No, not with the latest shoe fashions, or with the celebrity gossip … I’m talking keeping up with the potager, the washing machine, and most recently the Tour de France!
The washing machine is the easiest. When guests leave. 12 machine loads later, using natural Provencal wind and sun energy, it’s all washed and dried. Sandra’s wonderful ironing lady will be out with her smoothing iron; and Sandra and her team will remake the beds, clean the shower rooms, and make everything perfect for the next guests to arrive.
But it’s not so easy for the potager – and all things garden and nature. If you’ve been following my occasional tweets or the Chateau Colombier Provencal facebook page early in the season the worry are the escargots (snails … few slugs here, but the snails can be prolific and hungry). Not now. Now it’s the wild boars who, despite the discrete fencing (too discrete – you’d need barbed wire and Colditz to keep them out) seem to love coming to snuffle amongst the potager. I think this is natural, not vengeance for their domesticated piggy cousin who often ends up as a centre-piece for a table d’hote.
And having been promised a cool summer (they got it right for June, but not for July) I decided to go for planting salad leaves, courgettes, tomatoes. But cool does not mean wet. Though the recent heatwave has given us a couple of good storms. So watering has to be done. And we have to eat the lettuces before they bolt, as well as the frequent gifts of fresh salad leaves from Gerald my neighbour (and yes, they are better than mine).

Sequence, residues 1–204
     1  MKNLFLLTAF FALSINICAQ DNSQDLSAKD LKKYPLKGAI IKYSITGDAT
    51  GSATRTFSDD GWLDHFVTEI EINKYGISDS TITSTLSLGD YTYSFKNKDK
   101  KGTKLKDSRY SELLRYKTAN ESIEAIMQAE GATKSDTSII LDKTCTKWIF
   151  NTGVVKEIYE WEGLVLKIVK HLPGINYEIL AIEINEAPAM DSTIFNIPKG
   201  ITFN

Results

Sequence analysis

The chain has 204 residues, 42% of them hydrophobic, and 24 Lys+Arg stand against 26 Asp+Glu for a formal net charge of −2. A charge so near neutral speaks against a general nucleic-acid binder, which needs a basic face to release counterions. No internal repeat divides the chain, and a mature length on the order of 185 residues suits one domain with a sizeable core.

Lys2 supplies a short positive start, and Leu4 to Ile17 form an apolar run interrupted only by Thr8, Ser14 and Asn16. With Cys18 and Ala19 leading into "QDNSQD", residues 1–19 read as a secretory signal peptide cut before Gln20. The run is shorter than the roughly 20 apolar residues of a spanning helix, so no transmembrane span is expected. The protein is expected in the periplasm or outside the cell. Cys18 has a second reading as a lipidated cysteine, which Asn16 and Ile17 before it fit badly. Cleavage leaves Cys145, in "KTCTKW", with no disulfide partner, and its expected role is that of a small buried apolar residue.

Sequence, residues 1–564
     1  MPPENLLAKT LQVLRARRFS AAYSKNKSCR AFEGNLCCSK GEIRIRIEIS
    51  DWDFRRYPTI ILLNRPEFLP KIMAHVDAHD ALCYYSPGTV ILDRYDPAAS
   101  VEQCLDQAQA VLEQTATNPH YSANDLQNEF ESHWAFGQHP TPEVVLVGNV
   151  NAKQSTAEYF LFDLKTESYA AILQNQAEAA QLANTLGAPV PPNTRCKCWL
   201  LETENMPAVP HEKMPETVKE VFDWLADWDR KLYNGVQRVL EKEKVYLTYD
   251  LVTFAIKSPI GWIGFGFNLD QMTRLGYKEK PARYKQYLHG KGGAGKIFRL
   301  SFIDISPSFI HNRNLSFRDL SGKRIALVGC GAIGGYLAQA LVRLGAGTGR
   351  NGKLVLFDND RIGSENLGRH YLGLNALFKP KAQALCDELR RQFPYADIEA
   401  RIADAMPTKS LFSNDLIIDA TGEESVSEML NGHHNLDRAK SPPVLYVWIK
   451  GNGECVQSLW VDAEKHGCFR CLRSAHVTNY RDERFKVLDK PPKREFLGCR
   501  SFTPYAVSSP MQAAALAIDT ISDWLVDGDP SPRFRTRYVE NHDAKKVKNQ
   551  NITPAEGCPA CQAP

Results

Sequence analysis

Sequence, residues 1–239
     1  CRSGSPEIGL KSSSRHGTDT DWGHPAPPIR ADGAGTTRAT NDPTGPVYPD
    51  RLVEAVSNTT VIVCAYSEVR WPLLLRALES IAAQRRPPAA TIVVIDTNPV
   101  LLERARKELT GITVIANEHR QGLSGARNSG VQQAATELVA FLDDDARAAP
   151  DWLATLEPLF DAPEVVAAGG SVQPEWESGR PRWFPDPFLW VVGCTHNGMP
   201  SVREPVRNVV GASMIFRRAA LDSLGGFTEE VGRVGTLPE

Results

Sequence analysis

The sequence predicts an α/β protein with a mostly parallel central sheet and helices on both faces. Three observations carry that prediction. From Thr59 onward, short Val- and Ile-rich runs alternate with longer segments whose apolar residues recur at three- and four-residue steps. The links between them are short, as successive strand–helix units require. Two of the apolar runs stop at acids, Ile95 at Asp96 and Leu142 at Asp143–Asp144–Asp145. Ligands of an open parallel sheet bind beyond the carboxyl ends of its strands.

Earlier this summer I rejoiced about my first ever proper crop of artichokes. But’s hard to eat 30 – 40 artichokes on your own. And they are not that easy to give away. Luckily, they are double value. Unlike salad, which when it bolts, it bolts … when artichokes go to seed – they provide you with beautiful flowers that you can dry.
And that’s now the keeping up in the potager. Watering the salad. Eating it (or trying to give it away … table d’hotes meals I prepare of course featured salad). Dead-heading the roses. And should I dry some for pot pourri? And I could make my own oris root powder perhaps from the Iris tubers. Harvesting the linden flower … a stress reliever they say. And I need to catch the lavender to dry at its perfect moment of blueness … Are the alium heads and stems dry enough to pick for dry flower arrangements? But if I leave them and the mistral blows they will be smashed to pieces.
Luckily I have a few weeks before the foraging for jams and jellies can start in earnest. Though I have prepared a jar of sour cherries in armagnac to see how well they work.
So much activity. So much to do. And all of that is probably why I spent many a hot afternoon in July doing the great displacement of watching the 100th Tour de France wend its way across France. And when it passed through Nyons en route to Mont Ventoux and I hosted a cycling group from Australia for two nights here in Chateau Colombier yes, salad and roast pork both featured on the menu!